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How can the following identity be proven?

$$\nabla(\vec{A} \cdot \vec{B}) = \vec{A} \times(\nabla \times \vec{B}) + \vec{B} \times(\nabla \times \vec{A}) + (\vec{A}\cdot \nabla)\vec{B} + (\vec{B} \cdot \nabla)\vec{A}$$

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3 Answers 3

Brian already gave a pretty clear answer. Here let me just remark upon the geometry of the expression. Clearly, by the product rule, you have that

$$ \nabla (\vec{A}\cdot \vec{B}) = (\nabla \vec{A}) \cdot \vec{B} + (\nabla \vec{B}) \cdot \vec{A} $$

Where $(\nabla \vec{A})$ denote the Jacobian matrix formed by taking the gradient of the vector $\vec{A}$. We can split any matrix into its symmetric and anti-symmetric parts. Here we do a slightly funny trick: write

$$ (\nabla \vec{A}) = \underbrace{(\nabla \vec{A}) - (\nabla\vec{A})^T}_{= (\mathrm{d}\vec{A})} + (\nabla\vec{A})^T $$

where $(M)^T$ denotes the matrix transpose. So

$$ (\nabla\vec{A})\cdot \vec{B} = (\mathrm{d}\vec{A})\cdot \vec{B} + (\nabla\vec{A})^T \cdot \vec{B} \tag{1} $$

The second term in the RHS of (1) can be written as

$$ (\nabla\vec{A})^T\cdot \vec{B} = \left( \vec{B}^T\cdot (\nabla\vec{A})\right)^T = (\vec{B}\cdot\nabla)\vec{A} $$

using the properties of the transpose operation. The first term on the RHS of (1) can be computed to be precisely

$$ \vec{B} \times (\nabla\times \vec{A}) $$

(This is more easily seen if you've learned the connection between the curl operator, the exterior derivatve, and the Hodge star operator.)

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Let $\delta_{ij}$ and $\epsilon_{ijk}$ be the Kronecker delta and Levi-Civita symbol respectively. Then,

$$[\vec{A} \times(\nabla \times \vec{B}) + \vec{B} \times(\nabla \times \vec{A}) + (\vec{A}\cdot \nabla)\vec{B} + (\vec{B} \cdot \nabla)\vec{A}]_i = \epsilon_{ijk}\vec{A}_j[\epsilon_{klm}\partial_l\vec{B}_m] + \epsilon_{ijk}\vec{B}_j[\epsilon_{klm}\partial_l\vec{A}_m] + (\vec{A}_t\partial_t)\vec{B}_i + (\vec{B}_t\partial_t)\vec{A}_i$$

which simplifies as

$$(\delta_{il}\delta_{jm} - \delta_{im}\delta_{jl})(\vec{A}_j\partial_l\vec{B}_m + \vec{B_j}\partial_l\vec{A_m}) + (\vec{A_t}\partial_t)\vec{B_i} + (\vec{B_t}\partial_t)\vec{A_i}$$

Replacing $j$ with $m$ and subsequently $l$ with $i$, we get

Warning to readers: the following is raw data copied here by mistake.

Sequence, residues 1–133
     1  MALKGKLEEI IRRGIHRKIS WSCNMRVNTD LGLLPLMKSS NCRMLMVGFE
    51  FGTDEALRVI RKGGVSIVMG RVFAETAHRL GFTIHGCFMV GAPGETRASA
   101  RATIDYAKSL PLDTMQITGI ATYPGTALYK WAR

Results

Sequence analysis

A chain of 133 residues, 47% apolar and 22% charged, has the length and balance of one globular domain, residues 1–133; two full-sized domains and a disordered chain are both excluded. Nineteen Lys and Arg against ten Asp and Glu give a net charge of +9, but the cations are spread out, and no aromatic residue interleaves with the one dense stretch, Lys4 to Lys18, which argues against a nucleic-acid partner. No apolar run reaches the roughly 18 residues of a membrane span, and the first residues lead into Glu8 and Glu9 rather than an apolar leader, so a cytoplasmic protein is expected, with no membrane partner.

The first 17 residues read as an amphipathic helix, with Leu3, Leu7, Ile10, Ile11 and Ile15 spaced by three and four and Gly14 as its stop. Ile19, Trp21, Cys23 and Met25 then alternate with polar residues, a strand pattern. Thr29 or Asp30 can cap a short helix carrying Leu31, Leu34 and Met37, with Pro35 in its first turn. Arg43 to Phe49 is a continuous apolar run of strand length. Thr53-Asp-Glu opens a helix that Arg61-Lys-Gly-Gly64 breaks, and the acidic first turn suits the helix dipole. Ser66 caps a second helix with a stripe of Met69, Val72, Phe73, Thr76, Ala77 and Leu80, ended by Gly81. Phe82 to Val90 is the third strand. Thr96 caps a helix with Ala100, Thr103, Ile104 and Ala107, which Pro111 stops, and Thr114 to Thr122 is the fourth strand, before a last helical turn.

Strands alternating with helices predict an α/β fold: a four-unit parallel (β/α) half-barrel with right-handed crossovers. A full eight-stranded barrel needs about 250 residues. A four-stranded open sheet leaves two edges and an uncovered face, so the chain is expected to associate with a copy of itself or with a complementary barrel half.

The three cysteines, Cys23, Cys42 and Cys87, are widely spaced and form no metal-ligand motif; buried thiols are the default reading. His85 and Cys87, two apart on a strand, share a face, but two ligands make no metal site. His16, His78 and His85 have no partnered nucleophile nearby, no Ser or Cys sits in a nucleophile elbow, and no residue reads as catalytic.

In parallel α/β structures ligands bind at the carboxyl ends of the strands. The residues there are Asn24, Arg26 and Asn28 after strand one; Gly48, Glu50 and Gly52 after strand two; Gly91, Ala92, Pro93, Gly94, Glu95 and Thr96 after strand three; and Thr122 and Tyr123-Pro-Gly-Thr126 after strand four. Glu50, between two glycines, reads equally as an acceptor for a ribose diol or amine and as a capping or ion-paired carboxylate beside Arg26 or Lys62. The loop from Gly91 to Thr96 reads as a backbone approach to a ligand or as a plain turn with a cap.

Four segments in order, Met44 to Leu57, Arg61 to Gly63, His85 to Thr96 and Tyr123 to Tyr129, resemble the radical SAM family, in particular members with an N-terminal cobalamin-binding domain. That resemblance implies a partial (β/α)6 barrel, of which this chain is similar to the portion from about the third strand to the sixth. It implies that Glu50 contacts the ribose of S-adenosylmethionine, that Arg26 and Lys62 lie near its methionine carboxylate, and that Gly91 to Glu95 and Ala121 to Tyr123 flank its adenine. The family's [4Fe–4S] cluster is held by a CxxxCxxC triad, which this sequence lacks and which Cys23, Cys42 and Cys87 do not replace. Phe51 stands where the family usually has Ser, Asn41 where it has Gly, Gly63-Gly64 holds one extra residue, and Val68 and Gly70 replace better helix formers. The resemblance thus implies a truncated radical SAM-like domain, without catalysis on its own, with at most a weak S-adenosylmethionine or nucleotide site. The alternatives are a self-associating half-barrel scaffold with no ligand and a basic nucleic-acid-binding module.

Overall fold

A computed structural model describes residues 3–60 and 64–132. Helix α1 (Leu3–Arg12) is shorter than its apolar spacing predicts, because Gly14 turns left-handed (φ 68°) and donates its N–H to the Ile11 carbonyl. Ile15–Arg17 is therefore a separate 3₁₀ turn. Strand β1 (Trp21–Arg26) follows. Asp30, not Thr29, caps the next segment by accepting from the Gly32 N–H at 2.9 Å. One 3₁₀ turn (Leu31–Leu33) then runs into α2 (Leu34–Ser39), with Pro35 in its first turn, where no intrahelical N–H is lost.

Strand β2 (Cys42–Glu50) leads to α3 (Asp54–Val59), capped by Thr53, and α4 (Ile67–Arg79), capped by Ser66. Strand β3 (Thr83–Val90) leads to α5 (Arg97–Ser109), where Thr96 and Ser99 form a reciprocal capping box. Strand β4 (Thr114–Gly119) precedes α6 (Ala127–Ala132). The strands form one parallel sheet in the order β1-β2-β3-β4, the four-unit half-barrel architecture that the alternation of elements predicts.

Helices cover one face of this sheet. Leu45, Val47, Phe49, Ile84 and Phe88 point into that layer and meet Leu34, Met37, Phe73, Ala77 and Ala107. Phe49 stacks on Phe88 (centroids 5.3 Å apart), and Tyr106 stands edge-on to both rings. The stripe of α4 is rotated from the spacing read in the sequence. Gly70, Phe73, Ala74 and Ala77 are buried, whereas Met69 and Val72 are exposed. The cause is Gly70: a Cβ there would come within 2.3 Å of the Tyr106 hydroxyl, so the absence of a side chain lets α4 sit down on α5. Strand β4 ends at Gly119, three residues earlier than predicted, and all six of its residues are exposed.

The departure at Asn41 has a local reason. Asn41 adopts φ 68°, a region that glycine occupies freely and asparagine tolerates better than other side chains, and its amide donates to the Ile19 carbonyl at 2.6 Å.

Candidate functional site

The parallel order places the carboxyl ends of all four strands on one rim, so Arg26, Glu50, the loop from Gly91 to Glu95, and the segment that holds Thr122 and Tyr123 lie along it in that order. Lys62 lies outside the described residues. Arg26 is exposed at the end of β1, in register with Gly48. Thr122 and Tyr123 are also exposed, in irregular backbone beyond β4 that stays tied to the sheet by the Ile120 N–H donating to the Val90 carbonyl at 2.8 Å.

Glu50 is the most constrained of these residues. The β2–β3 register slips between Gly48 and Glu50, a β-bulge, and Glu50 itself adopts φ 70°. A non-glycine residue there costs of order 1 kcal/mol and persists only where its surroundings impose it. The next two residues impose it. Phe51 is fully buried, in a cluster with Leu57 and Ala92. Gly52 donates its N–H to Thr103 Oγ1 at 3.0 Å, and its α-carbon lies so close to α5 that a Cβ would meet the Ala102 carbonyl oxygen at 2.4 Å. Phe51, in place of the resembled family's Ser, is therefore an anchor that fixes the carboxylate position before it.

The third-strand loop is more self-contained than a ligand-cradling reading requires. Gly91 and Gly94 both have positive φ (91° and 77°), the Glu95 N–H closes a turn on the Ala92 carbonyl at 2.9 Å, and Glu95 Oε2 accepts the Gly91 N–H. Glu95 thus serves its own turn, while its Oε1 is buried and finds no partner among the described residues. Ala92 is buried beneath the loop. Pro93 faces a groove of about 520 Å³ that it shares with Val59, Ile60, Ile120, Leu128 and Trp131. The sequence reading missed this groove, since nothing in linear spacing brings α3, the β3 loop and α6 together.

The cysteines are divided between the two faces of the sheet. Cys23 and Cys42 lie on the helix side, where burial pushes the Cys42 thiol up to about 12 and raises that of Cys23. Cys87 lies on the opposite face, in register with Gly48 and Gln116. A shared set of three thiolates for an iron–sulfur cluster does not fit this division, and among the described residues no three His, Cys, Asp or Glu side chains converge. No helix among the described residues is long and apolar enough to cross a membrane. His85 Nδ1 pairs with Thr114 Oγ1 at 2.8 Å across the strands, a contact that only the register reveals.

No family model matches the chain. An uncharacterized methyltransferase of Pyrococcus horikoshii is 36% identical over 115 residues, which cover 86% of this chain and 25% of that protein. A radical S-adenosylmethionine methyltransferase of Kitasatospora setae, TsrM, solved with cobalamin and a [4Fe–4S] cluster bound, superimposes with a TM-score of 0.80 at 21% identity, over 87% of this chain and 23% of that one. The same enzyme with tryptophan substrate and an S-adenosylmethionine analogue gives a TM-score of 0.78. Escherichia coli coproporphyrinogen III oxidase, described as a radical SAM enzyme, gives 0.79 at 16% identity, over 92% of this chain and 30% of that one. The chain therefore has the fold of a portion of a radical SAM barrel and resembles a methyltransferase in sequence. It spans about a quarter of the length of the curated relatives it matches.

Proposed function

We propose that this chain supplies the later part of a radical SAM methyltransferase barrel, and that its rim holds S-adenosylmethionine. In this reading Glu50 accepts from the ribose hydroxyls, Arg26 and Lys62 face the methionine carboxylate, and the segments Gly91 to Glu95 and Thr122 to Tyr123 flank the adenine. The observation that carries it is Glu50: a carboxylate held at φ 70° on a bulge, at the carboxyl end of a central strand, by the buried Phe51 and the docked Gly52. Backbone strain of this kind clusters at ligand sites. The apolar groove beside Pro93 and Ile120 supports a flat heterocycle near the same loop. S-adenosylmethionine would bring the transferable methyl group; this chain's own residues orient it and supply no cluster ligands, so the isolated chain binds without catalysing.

$$(1 - \delta_{im}\delta_{mi})(\vec{A}_m\partial_i\vec{B}_m + \vec{B_m}\partial_i\vec{A_m}) + (\vec{A_t}\partial_t)\vec{B_i} + (\vec{B_t}\partial_t)\vec{A_i}$$

Further simplification yields

$$\vec{A_m}\partial_i\vec{B_m} - \delta_{im}(\vec{A_m}\partial_m)\vec{B_m} + \vec{B_m}\partial_i\vec{A_m} - \delta_{im}(\vec{B_m}\partial_m)\vec{A_m} + (\vec{A_t}\partial_t)\vec{B_i} + (\vec{B_t}\partial_t)\vec{A_i}$$

Since $\delta_{im}\vec{B_m} = \vec{B_i}$ and $\delta_{im}\vec{A_m} = \vec{A_i}$, the above becomes

$$\vec{A_m}\partial_i\vec{B_m} - (\vec{A_m}\partial_m)\vec{B_i} + \vec{B_m}\partial_i\vec{A_m} - (\vec{B_m}\partial_m)\vec{A_i} + (\vec{A_t}\partial_t)\vec{B_i} + (\vec{B_t}\partial_t)\vec{A_i} = (\partial_i\vec{B_m})\vec{A_m} + (\partial_i\vec{A_m})\vec{B_m} = \partial_i(\vec{A} \cdot \vec{B})$$

which is precisely $[\nabla(\vec{A} \cdot \vec{B}]_i$

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Indical notation is nice and all, but it's often not included in multivariable calculus syllabi, and sometimes it can be rewarding to just work through the algebra. It's nice to think of vector fields in terms of components; ie) $A(x,y,z) = (A_1,A_2,A_3).$ Let's look at the first component of $A \times (\textrm{curl }B).$ Well, just expanding according to the definition that should be $A_2 (\frac{\partial B_2}{\partial x} - \frac{\partial B_1}{\partial y}) - A_3(\frac{\partial B_1}{\partial z} - \frac{\partial B_3}{\partial x}).$ Now we just add to get the first component of $A \times (\textrm{curl }B) + B \times (\textrm{curl } A)$ :

$A_2 (\frac{\partial B_2}{\partial x} - \frac{\partial B_1}{\partial y}) - A_3(\frac{\partial B_1}{\partial z} - \frac{\partial B_3}{\partial x})+ B_2 (\frac{\partial A_2}{\partial x} - \frac{\partial A_1}{\partial y}) - B_3(\frac{\partial A_1}{\partial z} - \frac{\partial A_3}{\partial x}).$ With some algebra, this is seen to be equivalent to $(A_2 \frac{\partial B_2}{\partial x}+A_3 \frac{\partial B_3}{\partial x}) + (B_2 \frac{\partial A_2}{\partial x}+B_3 \frac{\partial A_3}{\partial x}) - (A_2 \frac{\partial B_1}{\partial y} +A_3 \frac{\partial B_1}{\partial z}) - (B_2 \frac{\partial A_1}{\partial y} +B_3 \frac{\partial A_1}{\partial z}).$

The first two terms almost look like the dot product rule for differentiation, and the last two terms almost look like a del expression. Thus we just have to simultaneously add and subtract a miracle quantity and rearrange some more. That miracle quantity is, as you can probably guess, $A_1 \frac{\partial B_1}{\partial x} +B_1 \frac{\partial A_1}{\partial x} ,$ giving the previous equation as

$(A_1 \frac{\partial B_1}{\partial x} +A_2 \frac{\partial B_2}{\partial x}+A_3 \frac{\partial B_3}{\partial x}) + (B_1 \frac{\partial A_1}{\partial x}+B_2 \frac{\partial A_2}{\partial x}+B_3 \frac{\partial A_3}{\partial x}) $

$- (A_1 \frac{\partial B_1}{\partial x} +A_2 \frac{\partial B_1}{\partial y} +A_3 \frac{\partial B_1}{\partial z}) - (B_1 \frac{\partial A_1}{\partial x}+B_2 \frac{\partial A_1}{\partial y} +B_3 \frac{\partial A_1}{\partial z}).$

This is the first component of $\nabla (A \cdot B) - ( A\cdot \nabla ) B - (B \cdot \nabla )A$ The rest of the work can be applied mutatis mutandis to the second and third components, completing the identity.

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